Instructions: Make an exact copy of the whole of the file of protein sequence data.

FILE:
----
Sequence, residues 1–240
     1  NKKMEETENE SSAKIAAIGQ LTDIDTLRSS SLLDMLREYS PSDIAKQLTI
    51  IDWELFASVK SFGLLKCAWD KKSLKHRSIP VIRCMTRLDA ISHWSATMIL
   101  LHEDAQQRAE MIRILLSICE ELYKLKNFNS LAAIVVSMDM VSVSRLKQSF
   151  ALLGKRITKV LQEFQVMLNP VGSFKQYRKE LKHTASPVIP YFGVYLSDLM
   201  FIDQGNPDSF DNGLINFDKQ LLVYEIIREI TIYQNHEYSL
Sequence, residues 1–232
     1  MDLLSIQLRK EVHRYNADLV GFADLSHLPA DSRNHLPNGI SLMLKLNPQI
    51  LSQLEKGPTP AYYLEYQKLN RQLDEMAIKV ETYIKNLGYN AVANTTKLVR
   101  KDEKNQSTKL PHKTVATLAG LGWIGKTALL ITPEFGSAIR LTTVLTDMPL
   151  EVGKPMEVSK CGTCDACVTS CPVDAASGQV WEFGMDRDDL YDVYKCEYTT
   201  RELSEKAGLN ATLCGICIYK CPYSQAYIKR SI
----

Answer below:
Sequence, residues 1–240
     1  NKKMEETENE SSAKIAAIGQ LTDIDTLRSS SLLDMLREYS PSDIAKQLTI
    51  IDWELFASVK SFGLLKCAWD KKSLKHRSIP VIRCMTRLDA ISHWSATMIL
   101  LHEDAQQRAE MIRILLSICE ELYKLKNFNS LAAIVVSMDM VSVSRLKQSF
   151  ALLGKRITKV LQEFQVMLNP VGSFKQYRKE LKHTASPVIP YFGVYLSDLM
   201  FIDQGNPDSF DNGLINFDKQ LLVYEIIREI TIYQNHEYSL
Sequence, residues 1–232
     1  MDLLSIQLRK EVHRYNADLV GFADLSHLPA DSRNHLPNGI SLMLKLNPQI
    51  LSQLEKGPTP AYYLEYQKLN RQLDEMAIKV ETYIKNLGYN AVANTTKLVR
   101  KDEKNQSTKL PHKTVATLAG LGWIGKTALL ITPEFGSAIR LTTVLTDMPL
   151  EVGKPMEVSK CGTCDACVTS CPVDAASGQV WEFGMDRDDL YDVYKCEYTT
   201  RELSEKAGLN ATLCGICIYK CPYSQAYIKR SI